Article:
Joanna finds decorating pies to be the most challenging to decorate. Again, the heat in the Philippines factors into the result of the products. So for pies, it can really be a guessing game of how to get it right. It’s either the dough is too cold, which makes it difficult to roll out and work with, or it’s too soft and shrinks in the oven and considered “overworked dough” which then needs to be rested. Decorating has tested Joanna’s patience in every way, and the thing that she has learned while decorating in the Philippines is to have lots of patience and versatility.
With all those challenges and road blocks, Joanna still manages to push out beautiful pieces out of her kitchen. Her favorite edible creation she has ever made was a birthday cake she made for her grandma. She made a main cake and tons of cupcakes for everyone else with flower decorations. When they were all displayed together, it looked like a garden. Joanna was so proud of what she created, especially since it was the first time she did a flower arrangement cake and cupcake duo.
One day, Joanna hopes to open her own little baking spot, but the thought of it is still intimidating to her. She knows that going down that route will be a lot of investment and competition. A big part of her wants to have a small shop at home which would lessen the costs of having a storefront and would keep the investment to equipment and labor. Realistically, Joanna knows that having a bakery by just word of mouth means that the products have to be amazing to compensate for the fact that the products are not always readily available. She doesn’t think that that’s too far fetched given that her aunt has given her the best compliment that she has ever received to date. Her aunt always tells her that her pastries taste better than a friend’s, who is a professional baker and went to culinary school.
Joanna appreciates everyone that has supported her on her baking journey. Her aunts were her first teachers and introduced her to the baking life. They would encourage her to sell muffins to their employees for snack, and she would bake every Saturday. Her parents, relatives, and friends have been her faithful customers and consumers of everything she made. One of Joanna’s cousins used to have a restaurant and would buy cookies from her every weekend so she could sell it at her shop. This encouraged Joanna to keep doing what she loved.
Joanna laughs and says that baking has taught her how to be really good at math. She does pretty good at math and attributes it to her love of baking because of all the fractions and measurements that go into baking a simple recipe, but also the conversions if you want to make more than one batch or downsize. But of course, baking has taught her how to be patient. Joanna describes baking as a guessing game where you’re unsure if the product is good or not until the very end. Unlike cooking, you can’t really taste and flavor as you go.
Ironically, Joanna tends to shy away from making Filipino baked goods. She doesn’t know if it’s the technique or the ingredients, but she just can’t seem to get it down. There is one exception though – her buko pie! But other than her buko pie, Joanna admits that she’d rather buy Filipino baked goods because she humbly admits that her dupes can’t compete. However, she is super motivated to learn more about Japanese and French baking. She admires how Japanese baking is very complex presentation wise, but flavor wise is very subtle and complete, while French baking is very complex and full of butter!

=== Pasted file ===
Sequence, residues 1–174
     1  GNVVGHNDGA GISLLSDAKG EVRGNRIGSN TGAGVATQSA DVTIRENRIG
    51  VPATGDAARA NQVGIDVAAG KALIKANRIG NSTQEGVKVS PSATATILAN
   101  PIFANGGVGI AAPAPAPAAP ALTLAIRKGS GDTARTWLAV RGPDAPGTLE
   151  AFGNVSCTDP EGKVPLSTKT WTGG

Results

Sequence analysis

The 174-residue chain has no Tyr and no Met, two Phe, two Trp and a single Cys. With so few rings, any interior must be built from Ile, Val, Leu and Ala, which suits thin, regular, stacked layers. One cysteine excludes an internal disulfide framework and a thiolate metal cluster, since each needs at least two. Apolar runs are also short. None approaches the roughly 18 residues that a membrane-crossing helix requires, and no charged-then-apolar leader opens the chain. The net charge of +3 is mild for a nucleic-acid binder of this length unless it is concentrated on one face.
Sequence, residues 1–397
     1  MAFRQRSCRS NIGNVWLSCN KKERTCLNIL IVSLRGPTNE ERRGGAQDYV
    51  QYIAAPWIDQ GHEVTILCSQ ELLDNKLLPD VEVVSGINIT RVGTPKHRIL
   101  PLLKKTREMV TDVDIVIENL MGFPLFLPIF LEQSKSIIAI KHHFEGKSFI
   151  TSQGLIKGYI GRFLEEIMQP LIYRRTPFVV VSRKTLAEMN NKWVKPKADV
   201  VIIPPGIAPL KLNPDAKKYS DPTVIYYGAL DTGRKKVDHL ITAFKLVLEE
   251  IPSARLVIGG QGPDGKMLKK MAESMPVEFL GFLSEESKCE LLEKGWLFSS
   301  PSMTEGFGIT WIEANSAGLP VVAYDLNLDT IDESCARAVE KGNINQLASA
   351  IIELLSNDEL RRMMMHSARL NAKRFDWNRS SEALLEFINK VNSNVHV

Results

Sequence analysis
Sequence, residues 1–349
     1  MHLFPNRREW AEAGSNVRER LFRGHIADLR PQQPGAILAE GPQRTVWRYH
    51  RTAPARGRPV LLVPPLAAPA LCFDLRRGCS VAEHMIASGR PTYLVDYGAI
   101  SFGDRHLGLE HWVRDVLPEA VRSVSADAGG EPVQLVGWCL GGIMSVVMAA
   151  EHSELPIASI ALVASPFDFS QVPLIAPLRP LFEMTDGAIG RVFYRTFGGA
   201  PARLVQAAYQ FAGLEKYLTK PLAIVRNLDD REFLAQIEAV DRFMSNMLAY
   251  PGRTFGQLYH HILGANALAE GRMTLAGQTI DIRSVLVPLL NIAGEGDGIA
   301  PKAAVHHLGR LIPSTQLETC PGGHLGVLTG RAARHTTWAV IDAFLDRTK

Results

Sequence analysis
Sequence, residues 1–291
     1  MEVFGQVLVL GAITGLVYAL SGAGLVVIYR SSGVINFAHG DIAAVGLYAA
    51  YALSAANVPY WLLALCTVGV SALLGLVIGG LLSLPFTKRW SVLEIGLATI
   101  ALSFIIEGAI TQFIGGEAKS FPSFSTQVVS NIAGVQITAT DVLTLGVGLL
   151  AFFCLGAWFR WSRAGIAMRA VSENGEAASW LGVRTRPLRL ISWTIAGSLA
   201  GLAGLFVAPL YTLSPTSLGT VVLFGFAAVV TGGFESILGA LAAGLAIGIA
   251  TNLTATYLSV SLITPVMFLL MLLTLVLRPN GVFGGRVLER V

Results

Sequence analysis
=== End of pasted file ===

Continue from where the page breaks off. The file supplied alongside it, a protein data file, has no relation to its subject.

Joanna mastered her signature baked goods with consistent practice and the drive to keep creating for leisure. Her advice to anyone out there trying to get into baking or is feeling discouraged after trying different recipes is this “It’s really a matter of practice. The first bakes are not necessarily the best unless you fall under the exception. There are moments of disappointments and tears but do not let them sway you from doing what you love.”
This is story 2 of 10 of LoveYourzStory’s Creatives Series. I’ve had the pleasure and privilege of getting to know 11 individuals who are passionate about creating. It was interesting to learn where each individual drew their inspiration from. I wanted to shift the attention on other Creatives and tell their stories on what motivates and excites them in their respective field. Thank you to everyone who participated in this series! – Marinelle Cabillo, LoveYourzStory
Lex is a Los Angeles / Bay Area-based Afro-Latina artist. Her talents range from digital art, drawing, designing posters, and so much more, but her preferred medium is painting. Her art is heavily inspired by her culture. Being a Black, Honduran, and Guatemalan woman, Lex’s goal is to uplift and inspire women of color with her artwork.
“I have been exploring art mediums since I was a little girl, I was always known as the ‘artsy kid’ at school,” Lex shares. “Art has always been a way for me to express my inner voice and it’s a calming meditative activity. I am passionate about bringing art into my community to uplift voices…”